In most parts of North America, the best bang for your solar energy buck is with domestic solar water heating (DSWH).
Edited by Barry Butler, Liz Merry and Diana Young
A complete DSWH system can be installed for $4,000 to $7,000, depending on its size, complexity and the climate. These systems are now eligible for the 30 percent federal tax credit. At today’s energy prices, over the life of the system, the cost to operate is about 20 percent lower than a conventional gas water heater and 40 percent lower than an electric one. As gas and electricity prices rise, DSWH will look like a better and better deal. The benefits are much greater since solar energy avoids 2,400 pounds of CO2 per year and provides a secure domestic source of hot water.
Solar hot water systems come in two flavors: passive and active. In warm climates, a simple passive system can provide plenty of hot water.
Passive systems are installed in areas where freeze protection is not an issue. The most common types are integral collector storage (ICS) and thermosiphon systems.
In an ICS (or breadbox) system, cold city water flows into a rooftop collector. The collector holds 30 to 50 gallons of water in a serpentine pipe with a heat-capturing coating. Hot water from the collector flows directly to a conventional water heater; in effect the sun does most of the work usually performed by the water heater’s burner. As hot water is withdrawn from the water heater, cold water is drawn into the collector, driven by pressure in the city water pipes.
A thermosiphon takes advantage of the fact that water rises as it’s heated. Solar-heated water in a flat-plate collector rises through tubes and flows into the top of an insulated storage tank. Colder water at the bottom of this tank is drawn into the lower entry of the solar collector. Water thus flows in a continuous loop, continually reheating during daylight hours. When a hot water tap is opened in the house, hot water flows from the top of the storage tank, and is replaced with cold city water flowing into the bottom of the storage tank. Photo courtesy of Star Max Solar.
Although the system is simple, thermosiphons put an 800-lb storage tank high on the roof, which should be reinforced to support it. Other solar water-heating systems put the storage tank at ground level or in the basement, where it’s not a structural challenge.
Active systems use an electric pump to circulate water through the collector. In warm climates, a direct (or open-loop) system is practical: City water goes into an insulated storage tank. A pump draws water out of the storage tank to pass through the solar collector and go back into the tank. Hot water for household use is drawn from the top of the storage tank, sometimes passing through a booster heater. An automatic control system starts the pump whenever the collector is warmer than the storage tank.
In freezing climates, the rooftop part of the system must be protected either by draining down when the temperature dips, or by running an antifreeze solution. These cold-weather systems require temperature sensors, electric pumps and automatic control systems, adding complexity and cost to the installation.
The most common cold-weather system today is the closed-loop antifreeze heat-exchanger system, or active indirect system. When the collector is warm, a food-safe propylene glycol antifreeze solution is pumped through the collector and on through a heat exchanger, then back to the collector. The heat exchanger heats city water for domestic use. The heat exchanger is usually located at the bottom of an insulated storage tank (sometimes the storage tank is also the home hot-water heater, with an electric or natural gas heating mechanism for use when the collector is cold). A breach in the heat exchanger would leak antifreeze into the drinking water, which is why it’s necessary to use only food-safe propylene glycol in these systems. Many local plumbing code officials require double-walled heat exchangers to permit systems in their jurisdictions.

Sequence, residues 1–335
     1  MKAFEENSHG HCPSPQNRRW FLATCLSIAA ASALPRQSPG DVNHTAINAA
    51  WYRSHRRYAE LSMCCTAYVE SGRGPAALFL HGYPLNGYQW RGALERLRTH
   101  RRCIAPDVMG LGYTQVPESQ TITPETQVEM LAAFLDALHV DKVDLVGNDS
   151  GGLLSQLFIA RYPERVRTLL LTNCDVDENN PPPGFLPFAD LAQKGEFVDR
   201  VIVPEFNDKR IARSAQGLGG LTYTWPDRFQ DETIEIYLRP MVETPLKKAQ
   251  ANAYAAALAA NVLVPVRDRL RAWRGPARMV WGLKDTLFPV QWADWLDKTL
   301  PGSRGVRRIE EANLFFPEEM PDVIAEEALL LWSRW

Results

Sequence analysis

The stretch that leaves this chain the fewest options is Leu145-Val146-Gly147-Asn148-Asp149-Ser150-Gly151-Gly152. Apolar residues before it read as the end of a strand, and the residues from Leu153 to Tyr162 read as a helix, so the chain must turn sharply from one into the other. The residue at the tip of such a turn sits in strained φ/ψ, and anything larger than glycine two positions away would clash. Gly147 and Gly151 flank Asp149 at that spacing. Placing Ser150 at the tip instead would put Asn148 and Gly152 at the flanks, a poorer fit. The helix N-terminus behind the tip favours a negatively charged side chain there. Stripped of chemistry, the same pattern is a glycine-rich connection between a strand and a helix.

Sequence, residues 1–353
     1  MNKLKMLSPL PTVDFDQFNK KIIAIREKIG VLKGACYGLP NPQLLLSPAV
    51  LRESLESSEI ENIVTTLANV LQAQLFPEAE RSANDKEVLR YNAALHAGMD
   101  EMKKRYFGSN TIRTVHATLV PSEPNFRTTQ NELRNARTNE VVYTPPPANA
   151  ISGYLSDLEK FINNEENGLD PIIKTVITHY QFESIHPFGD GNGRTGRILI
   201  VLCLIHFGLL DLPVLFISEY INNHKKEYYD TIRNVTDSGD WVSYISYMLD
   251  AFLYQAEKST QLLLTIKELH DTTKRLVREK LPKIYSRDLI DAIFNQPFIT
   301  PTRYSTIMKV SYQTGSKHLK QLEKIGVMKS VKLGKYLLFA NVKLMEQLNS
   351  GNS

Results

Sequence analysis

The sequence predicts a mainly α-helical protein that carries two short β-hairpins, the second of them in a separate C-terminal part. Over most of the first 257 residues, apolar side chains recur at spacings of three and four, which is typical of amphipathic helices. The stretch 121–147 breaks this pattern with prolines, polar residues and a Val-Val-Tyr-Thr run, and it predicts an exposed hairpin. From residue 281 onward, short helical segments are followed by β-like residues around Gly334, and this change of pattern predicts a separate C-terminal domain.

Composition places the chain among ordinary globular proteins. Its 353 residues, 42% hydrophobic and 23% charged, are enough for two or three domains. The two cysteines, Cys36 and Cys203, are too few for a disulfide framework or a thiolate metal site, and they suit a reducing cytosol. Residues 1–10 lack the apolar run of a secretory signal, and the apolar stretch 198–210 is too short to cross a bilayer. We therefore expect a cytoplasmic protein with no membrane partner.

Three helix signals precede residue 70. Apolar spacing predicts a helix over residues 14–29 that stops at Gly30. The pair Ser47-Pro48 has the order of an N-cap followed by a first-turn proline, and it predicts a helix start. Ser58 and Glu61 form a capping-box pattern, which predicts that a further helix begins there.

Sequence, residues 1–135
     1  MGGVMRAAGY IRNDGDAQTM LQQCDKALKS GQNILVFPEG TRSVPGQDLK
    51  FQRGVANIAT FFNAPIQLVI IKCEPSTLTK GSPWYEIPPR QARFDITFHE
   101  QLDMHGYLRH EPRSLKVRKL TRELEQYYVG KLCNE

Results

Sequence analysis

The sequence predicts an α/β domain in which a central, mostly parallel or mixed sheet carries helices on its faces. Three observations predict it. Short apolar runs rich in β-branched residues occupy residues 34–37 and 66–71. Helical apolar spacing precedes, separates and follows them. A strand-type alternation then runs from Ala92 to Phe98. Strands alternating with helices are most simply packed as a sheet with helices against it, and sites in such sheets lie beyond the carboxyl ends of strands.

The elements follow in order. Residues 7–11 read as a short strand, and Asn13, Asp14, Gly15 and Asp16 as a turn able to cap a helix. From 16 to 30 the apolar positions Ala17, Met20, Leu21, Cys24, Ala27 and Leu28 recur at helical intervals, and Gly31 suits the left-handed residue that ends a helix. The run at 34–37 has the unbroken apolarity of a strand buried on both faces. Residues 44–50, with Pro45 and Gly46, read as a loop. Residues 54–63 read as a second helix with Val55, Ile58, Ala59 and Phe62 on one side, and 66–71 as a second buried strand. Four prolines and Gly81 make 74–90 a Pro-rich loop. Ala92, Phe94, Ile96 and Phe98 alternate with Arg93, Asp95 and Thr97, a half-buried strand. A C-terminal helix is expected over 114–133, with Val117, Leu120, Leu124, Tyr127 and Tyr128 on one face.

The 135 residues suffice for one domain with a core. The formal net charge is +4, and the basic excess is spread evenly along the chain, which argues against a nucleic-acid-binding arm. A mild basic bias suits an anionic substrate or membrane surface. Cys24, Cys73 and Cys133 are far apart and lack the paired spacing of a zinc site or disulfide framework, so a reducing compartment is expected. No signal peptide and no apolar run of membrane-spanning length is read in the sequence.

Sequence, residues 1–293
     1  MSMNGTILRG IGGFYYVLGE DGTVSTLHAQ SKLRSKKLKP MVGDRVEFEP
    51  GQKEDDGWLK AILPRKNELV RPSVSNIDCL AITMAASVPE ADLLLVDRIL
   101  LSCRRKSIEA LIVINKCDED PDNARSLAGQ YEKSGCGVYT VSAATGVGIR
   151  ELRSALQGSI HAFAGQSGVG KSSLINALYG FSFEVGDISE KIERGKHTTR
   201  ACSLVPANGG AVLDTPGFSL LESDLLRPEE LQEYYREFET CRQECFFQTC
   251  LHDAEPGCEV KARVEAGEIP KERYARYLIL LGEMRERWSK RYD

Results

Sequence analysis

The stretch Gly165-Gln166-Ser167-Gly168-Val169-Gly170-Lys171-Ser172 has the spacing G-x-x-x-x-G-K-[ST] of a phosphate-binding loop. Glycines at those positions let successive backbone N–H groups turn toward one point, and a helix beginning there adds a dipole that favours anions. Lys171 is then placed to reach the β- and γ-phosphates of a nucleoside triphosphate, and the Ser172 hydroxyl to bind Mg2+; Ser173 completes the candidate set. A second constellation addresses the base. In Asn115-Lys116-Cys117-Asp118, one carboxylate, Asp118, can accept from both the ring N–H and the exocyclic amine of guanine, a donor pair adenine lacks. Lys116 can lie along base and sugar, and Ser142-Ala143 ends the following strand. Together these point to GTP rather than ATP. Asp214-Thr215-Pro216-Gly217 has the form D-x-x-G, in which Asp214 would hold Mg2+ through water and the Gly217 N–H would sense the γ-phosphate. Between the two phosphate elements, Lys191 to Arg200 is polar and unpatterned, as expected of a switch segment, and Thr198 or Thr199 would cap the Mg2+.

One of the most common uses for solar water-heating is to heat pool water. Pool solar collectors are lighter in weight — usually made of UV-resistant polymers — and less expensive than DSWH systems. The size should be 50 to 100 percent of the surface area of the pool. The more solar collector area, the warmer the pool will be in cool weather. The pool serves as the storage tank, and the filtration pump circulates the pool water through the collectors. A solar collector can provide all the heating necessary for a swimming pool, but hot tubs and spas need a backup or booster heater.
Checkout this article on a Solar Heated Pool in Eagle-Vail, Operating Through the Winter, in the Colorado mountains.
DSWH can also be used for space heating. The most efficient method is an in-floor radiant heating system that sends hot water through pipes embedded in the floor. Agas backup water heater is typically used because a house is coldest at night and in winter months. The solar collector area needed is generally 10 to 30 percent of the home’s floor area, depending on climate.
All hot water heaters and solar system storage tanks need to be flushed annually. The pumps and valves in an active system are electro-mechanical devices that will need periodic attention. Annual pressure testing can identify potential problems before they become major leaks. Long-term corrosion is an issue in any plumbing system, but a well-maintained system can go 35 years or more before replacement of major parts.
This article is adapted from the Solar Energy Resource Guide 2008, published by the NorCal Solar Energy Association, a chapter of the American Solar Energy Society.